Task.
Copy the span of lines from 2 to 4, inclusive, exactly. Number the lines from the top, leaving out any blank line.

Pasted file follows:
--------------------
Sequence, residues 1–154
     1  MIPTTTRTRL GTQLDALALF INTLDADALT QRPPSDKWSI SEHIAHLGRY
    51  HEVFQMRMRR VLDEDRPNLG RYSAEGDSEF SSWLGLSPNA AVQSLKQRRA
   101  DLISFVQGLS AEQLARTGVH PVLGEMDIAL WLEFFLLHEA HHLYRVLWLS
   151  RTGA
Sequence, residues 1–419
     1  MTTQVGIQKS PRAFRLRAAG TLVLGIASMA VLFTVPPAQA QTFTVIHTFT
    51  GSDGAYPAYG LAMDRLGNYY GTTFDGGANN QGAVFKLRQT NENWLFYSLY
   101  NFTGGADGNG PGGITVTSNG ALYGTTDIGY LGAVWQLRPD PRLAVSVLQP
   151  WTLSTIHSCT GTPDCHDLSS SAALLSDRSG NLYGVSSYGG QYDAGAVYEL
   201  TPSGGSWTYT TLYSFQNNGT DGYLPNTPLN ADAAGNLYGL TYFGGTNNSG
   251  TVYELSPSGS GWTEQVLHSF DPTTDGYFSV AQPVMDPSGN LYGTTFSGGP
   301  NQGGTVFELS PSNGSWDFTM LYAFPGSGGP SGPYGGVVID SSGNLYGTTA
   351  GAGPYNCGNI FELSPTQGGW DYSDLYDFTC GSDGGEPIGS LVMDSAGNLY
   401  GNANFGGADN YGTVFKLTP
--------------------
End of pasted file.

     1  MIPTTTRTRL GTQLDALALF INTLDADALT QRPPSDKWSI SEHIAHLGRY
    51  HEVFQMRMRR VLDEDRPNLG RYSAEGDSEF SSWLGLSPNA AVQSLKQRRA
   101  DLISFVQGLS AEQLARTGVH PVLGEMDIAL WLEFFLLHEA HHLYRVLWLS